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Matthew 3:1-12

A couple of weeks ago, as Merle was sharing in his morning class, he mentioned something which has been resonating with me these last two weeks. He said that in all of the gifts and in all of the fruits that God gives us to demonstrate the Kingdom of God…they are all undergirded by God’s Love.

For if you practice peace but do not have God’s Love…it is not a divine peace. The same idea is true for hospitality, compassion, charity, temperance, justice, teaching, administrating, sharing the truth, and proclaiming Jesus. Even love is not really divine unless it begins, is sustained, and remains centered in God’s Love.

During this Advent and Christmas season, we focus on the event of Jesus’ birth. And that is a very good thing! Because Jesus Christ is the gift and fruit of God’s Love for us. Yet Jesus is even more…he is God’s Love in flesh in blood in bone.

Another thing that has accompanied me this week is this song—and it isn’t a Christmas song, but it is… “Jesus, Jesus. There’s just something about that name. Master, Savior, Jesus. Like the fragrance after the rain. Jesus, Jesus, Jesus. Let all heaven and earth proclaim! Kings and kingdoms will all pass away, but there’s something that name.” Why does that song well up within me? God’s Love.

I get joyful, hopeful, peaceful because of God’s Love for me and you, and you, and all of us. God’s Love did not show up with Jesus’ birth. God’s Love was present from the beginning. We believe that God created the world because of love. We believe that when the world fell into bitterness, shame, and anger because of our sinful rebellion against God, He loved us still. He loved us through prophets, judges, priest, and kings…until the time was ripe. Now we are able to have a real and genuine relationship with our God because of His Love.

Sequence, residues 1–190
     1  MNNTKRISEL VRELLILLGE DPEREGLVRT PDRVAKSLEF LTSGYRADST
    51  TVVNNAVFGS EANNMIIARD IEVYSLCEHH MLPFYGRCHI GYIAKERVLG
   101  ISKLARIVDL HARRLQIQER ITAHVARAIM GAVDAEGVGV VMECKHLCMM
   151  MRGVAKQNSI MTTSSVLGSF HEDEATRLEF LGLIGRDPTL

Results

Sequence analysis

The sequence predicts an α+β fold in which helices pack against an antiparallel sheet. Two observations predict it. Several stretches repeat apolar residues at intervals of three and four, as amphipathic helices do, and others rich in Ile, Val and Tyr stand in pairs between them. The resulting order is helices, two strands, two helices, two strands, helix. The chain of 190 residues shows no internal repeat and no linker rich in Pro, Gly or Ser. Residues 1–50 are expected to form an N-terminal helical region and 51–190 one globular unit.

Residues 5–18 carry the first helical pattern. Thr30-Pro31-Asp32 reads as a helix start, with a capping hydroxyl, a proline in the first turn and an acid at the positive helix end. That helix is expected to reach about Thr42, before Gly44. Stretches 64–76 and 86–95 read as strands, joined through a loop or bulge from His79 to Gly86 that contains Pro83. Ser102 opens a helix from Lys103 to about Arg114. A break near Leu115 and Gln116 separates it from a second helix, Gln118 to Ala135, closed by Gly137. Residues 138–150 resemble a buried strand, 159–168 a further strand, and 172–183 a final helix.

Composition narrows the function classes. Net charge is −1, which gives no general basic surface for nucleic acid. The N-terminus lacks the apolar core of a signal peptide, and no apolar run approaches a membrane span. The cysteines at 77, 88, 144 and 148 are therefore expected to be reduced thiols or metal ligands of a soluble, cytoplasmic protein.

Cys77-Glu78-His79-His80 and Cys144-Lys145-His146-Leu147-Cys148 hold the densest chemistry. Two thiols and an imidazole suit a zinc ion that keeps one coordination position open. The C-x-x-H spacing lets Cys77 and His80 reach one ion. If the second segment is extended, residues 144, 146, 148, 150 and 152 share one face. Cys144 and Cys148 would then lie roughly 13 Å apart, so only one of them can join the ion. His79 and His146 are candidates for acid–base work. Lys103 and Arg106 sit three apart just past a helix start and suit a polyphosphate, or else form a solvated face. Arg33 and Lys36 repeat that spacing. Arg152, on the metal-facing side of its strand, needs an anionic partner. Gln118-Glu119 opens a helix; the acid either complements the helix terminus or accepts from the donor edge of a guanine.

And this brings me to the next part of my journey this week: T. S. Eliot’s “The Jouney of the Magi”:

'A cold coming we had of it,

Just the worst time of the year

For a journey, and such a long journey:

The ways deep and the weather sharp,

The very dead of winter.'

And the camels galled, sorefooted, refractory,

Lying down in the melting snow.

There were times we regretted

The summer palaces on slopes, the terraces,

And the silken girls bringing sherbet.

Then the camel men cursing and grumbling

and running away, and wanting their liquor and women,

And the night-fires going out, and the lack of shelters,

And the cities hostile and the towns unfriendly

And the villages dirty and charging high prices:

A hard time we had of it.

At the end we preferred to travel all night,

Sleeping in snatches,

With the voices singing in our ears, saying

That this was all folly.

Then at dawn we came down to a temperate valley,

Wet, below the snow line, smelling of vegetation;

With a running stream and a water-mill beating the darkness,

And three trees on the low sky,

And an old white horse galloped away in the meadow.

Then we came to a tavern with vine-leaves over the lintel,

Six hands at an open door dicing for pieces of silver,

And feet kicking the empty wine-skins.